Tweet, what?

I plan to use this blog for storytelling - to tell the story of a Southern girl who's intent on doing-it-all-being-it-all. I'll be honest, sometimes juggling it all does me in. But the challenge is part of the fun. When I launch my new blog, I'll tell you all my entire story. But for now :: a couple of things that have really changed me and the way I operate

Last night, my sweet husband, Bryan, said to me "Babe, I love you . . . But will you please explain all of this tweet-tweet-post-tweet-re-tweet?" I have not laughed that hard in a long time.

Twitter is really foreign to people who dont use it. So, I walked him through my TweetDeck. He's been in sales for YEARS, so he had a hard time understanding why this is important to my business. It's all about CONNECTIONS I told him - about building relationships and keeping up with what's going on in the industry.

Granted, when I started using Twitter a few months ago, I had a hard time understanding exactly HOW to use it. I took the same approach as Bryan - how do I drive sales with this? I posted a couple of Etsy sales I was having or my occasional blog post. But it seemed very ONE way to me. I thought "How do I use this for my business?" It's important to know that Twitter (and alll social media, for that matter) is designed to CONNECT - connect people/people, people/information. The connections made (and relationships built) on Twitter will bring value to your business - as you bring value to others.

It wasn't until I started understanding Twitter's abbreviations/symbols (ie: RT, @) and hashtags (ie: #FF) that I really understood exactly HOW to interact with others. Twitter has a great FAQ page that explains following, mentioning, retweeting, hashtags, etc. But here are a few quick tips for the newbie trying to figure it out:

RT :: Retweet or repost :: LOVE THIS! RT @Username Guess what! @EmilyLey is designing my invitations!
@ :: Precedes every person’s username :: @EmilyLey
# :: Hashtag – This precedes any topic you’d like to “tag” your tweet with. Hashtags categorize tweets so that they are searchable :: Guess what! @Emilyley is designing my wedding invitations! #weddings” – OR - Guess what! @Emilyley is designing my wedding invitations! #TheyreGoingToBeAwesome!
D :: Direct Message – Send someone a private message by typing a “D” before their name. It will go directly to them and wont be listed in your public timeline of tweets :: D @EmilyLey do you offer square, ivory letterpress invitations?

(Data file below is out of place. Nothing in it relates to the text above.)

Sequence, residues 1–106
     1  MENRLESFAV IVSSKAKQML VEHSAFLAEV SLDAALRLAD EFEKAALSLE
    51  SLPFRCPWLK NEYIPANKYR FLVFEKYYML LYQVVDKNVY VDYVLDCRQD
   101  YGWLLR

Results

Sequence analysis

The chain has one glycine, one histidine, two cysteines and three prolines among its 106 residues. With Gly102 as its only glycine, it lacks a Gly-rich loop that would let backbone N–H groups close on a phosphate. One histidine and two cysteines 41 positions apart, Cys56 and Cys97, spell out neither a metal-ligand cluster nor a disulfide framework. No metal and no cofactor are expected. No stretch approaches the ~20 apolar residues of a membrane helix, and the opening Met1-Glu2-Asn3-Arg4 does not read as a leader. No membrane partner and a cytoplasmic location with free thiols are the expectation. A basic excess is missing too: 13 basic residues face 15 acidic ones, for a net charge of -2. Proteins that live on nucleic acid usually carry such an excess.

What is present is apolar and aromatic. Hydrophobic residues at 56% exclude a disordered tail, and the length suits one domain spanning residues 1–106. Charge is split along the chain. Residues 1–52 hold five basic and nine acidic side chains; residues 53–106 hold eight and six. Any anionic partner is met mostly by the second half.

#FF :: Follow Friday – this is a common hashtag. #FF stands for Follow Friday. Post your favorite people to follow on Fridays :: FF @SkyDiver @LaraCase @Mashable

  • Post “I’m so hungover” or “Oh no, I left my front door unlocked and we’re halfway to Canada!” – These are not smart or safe things to make public. Keep your reputation (and your valuables) in mind.
  • Tweet only to promote yourself. People will lose interest. Interact with others – be interested in what they’re doing, tweeting, etc. Twitter is about building relationships and sharing information.
  • Use those crazy “Get one THOUSAND followers now!” services. They require you to follow a ton of other people – and who wants 1,000 random followers who aren’t really CHOOSING to follow you anyways? Eek.
  • Thank people for retweeting your posts. Just like you’d thank someone for passing on your information in person. Retweeting is like referring others to you.
  • Use the Direct Message feature to have private conversations with friends. Not everything should be aired on Twitter.
  • Use free services like Tweetdeck and HootSuite to make Twitter more easy to understand. Honestly, I had no idea what I was doing until I started using Tweetdeck.
  • Use free services like TwitPic and TinyURL to shorten your URLs (remember, you only have 140 characters to use) and post links to your photos (note :: TweetDeck & HootSuite do this for you if you use their applications).
  • Post links to photos, good blog posts, articles, cool websites and your blog in your Tweets. People want to know more about you than just your 140 characters.
  • Promote (by "mentioning" their username) people you admire, who give good service and who promote you as well. Twitter is one of the greatest resources for referrals.
Like anything, getting involved is half the battle. Retweet what you think others would like to read. Reply to others posts. Don’t be shy. One of my favorite bloggers, Liene, of Think Splendid wrote a great post on Twitter for wedding pros. Twitter has (and I’m sure will continue to be) monumental for me. I’ve connected with people I’d otherwise never have the opportunity to “meet” or get to know. Use it right, consistently and with proper etiquette and you’ll find it to be a VERY VALUABLE tool for you and your business. And if you haven’t read it yet, pick up Gary Vaynerchuck’s CRUSH IT. It’s all about social media and how to use it to your advantage to seriously make things happen.

1 comment:

Alexandra said...

Awesome post. I have a twitter account, but I must admit I'm not the most active, one of my new years resolutions is to change that. :)